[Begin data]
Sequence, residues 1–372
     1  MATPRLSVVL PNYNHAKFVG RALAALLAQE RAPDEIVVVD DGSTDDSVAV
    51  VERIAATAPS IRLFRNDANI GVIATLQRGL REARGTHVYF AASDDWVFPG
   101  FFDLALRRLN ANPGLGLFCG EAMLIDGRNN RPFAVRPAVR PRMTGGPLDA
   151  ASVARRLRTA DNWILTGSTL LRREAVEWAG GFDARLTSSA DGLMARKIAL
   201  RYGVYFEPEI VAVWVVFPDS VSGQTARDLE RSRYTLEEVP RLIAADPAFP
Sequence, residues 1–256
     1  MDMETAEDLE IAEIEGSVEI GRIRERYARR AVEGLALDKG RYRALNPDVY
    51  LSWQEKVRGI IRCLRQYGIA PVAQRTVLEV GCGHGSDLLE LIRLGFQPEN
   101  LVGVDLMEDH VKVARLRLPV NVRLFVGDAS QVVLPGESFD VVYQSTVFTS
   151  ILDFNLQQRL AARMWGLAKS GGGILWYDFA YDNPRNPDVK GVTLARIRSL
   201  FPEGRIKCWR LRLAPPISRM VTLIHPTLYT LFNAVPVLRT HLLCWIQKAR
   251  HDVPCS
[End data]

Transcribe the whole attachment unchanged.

Sequence, residues 1–372
     1  MATPRLSVVL PNYNHAKFVG RALAALLAQE RAPDEIVVVD DGSTDDSVAV
    51  VERIAATAPS IRLFRNDANI GVIATLQRGL REARGTHVYF AASDDWVFPG
   101  FFDLALRRLN ANPGLGLFCG EAMLIDGRNN RPFAVRPAVR PRMTGGPLDA
   151  ASVARRLRTA DNWILTGSTL LRREAVEWAG GFDARLTSSA DGLMARKIAL
   201  RYGVYFEPEI VAVWVVFPDS VSGQTARDLE RSRYTLEEVP RLIAADPAFP
Sequence, residues 1–256
     1  MDMETAEDLE IAEIEGSVEI GRIRERYARR AVEGLALDKG RYRALNPDVY
    51  LSWQEKVRGI IRCLRQYGIA PVAQRTVLEV GCGHGSDLLE LIRLGFQPEN
   101  LVGVDLMEDH VKVARLRLPV NVRLFVGDAS QVVLPGESFD VVYQSTVFTS
   151  ILDFNLQQRL AARMWGLAKS GGGILWYDFA YDNPRNPDVK GVTLARIRSL
   201  FPEGRIKCWR LRLAPPISRM VTLIHPTLYT LFNAVPVLRT HLLCWIQKAR
   251  HDVPCS